Ever since Zero Hedge's advent just over two years ago, one of the most improper things we claimed happened routinely on Wall Street, was that the big banks' prop traders would consistently, and completely against regulations, populate their massive trading floors with both flow and prop traders, who often sat side by side, within earshot and front run the big clients' orders. Some may recall that point #8 of our follow up query to Goldman's Lucas van Praag in December 2009 was precisely a request to get the seating chart together with assigned responsibilities of all Goldman traders. To wit: "we are still hoping to get a seating chart of Goldman's trading floor (via legitimate channels) which clearly discloses flow and prop traders' seats in order to disclose to the general public that flow and prop traders do not share the same information flow, especially that emanating from core clients who tend to move markets the second they announce their trading axes to Goldman's flow traders." The reason we bring it up is that once again we seem to have been just a year ahead of the curve. In a just announced settlement, the SEC has fined Merrill, and supposedly its insolvent Bank of Calcutta taxpayer funded holdco, $10 million for doing precisely this! From Bloomberg: "The SEC found that Merrill operated a proprietary trading desk from 2003 to 2005 on the firm’s main equity-trading floor in New York, where market makers received and executed customer orders. While Merrill told clients their order information would be used on a need-to-know basis, proprietary traders got information and used it to place trades on Merrill’s behalf after executing the customer orders, according to the statement"...... So... does everyone finally understand how Goldman's (et al) prop group has no trading loss day (at near 50% margins) every single day year after year now?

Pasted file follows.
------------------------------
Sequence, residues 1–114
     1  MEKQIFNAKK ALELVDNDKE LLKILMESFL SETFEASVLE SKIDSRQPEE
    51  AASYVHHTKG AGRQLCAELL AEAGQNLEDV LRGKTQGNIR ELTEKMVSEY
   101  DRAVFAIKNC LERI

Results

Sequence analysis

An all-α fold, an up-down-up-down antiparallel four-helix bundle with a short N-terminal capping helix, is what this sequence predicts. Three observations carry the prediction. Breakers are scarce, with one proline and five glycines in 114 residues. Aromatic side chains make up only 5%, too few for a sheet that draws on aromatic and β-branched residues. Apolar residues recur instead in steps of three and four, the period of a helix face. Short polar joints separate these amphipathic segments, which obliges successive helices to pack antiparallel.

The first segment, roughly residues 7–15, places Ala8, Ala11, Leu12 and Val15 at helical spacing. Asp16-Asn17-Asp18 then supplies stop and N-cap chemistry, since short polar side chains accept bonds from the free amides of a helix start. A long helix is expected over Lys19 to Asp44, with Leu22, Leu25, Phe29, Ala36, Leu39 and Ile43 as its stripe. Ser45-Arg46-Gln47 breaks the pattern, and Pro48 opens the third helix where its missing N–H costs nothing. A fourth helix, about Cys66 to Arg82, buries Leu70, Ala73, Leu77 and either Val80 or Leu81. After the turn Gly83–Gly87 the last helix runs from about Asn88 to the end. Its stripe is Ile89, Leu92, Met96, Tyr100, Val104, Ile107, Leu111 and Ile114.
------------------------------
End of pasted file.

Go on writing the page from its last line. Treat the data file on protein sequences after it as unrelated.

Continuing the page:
The justification for this criminal act is surreal: everyone was doing it.
“These kinds of practices were probably pretty widespread in the industry,” said Phillip Phan, professor at the Johns Hopkins Carey Business School in Baltimore. “Merrill probably won’t be punished overly by the market -- and I find it hard to imagine institutions were completely naïve about this.”
It's all good though: see, Bank of RMBS Fraudulent Representation promises it will never do it again:
“Merrill Lynch adopted a number of policy changes to ensure separation of proprietary and other trading and to address the SEC’s concerns,” said Bill Halldin, a spokesman for Bank of America. “Merrill Lynch also voluntarily implemented enhanced training and supervision to improve the principal trading processes at the firm.”
That said, we would still looooove to get the Goldman trading floor seating chart, with names, and functions clearly defined. And there would be no need to hide anything anymore.... Because the firm obviously no longer has a prop trading group, right? After all Paul Volcker got rid of all that.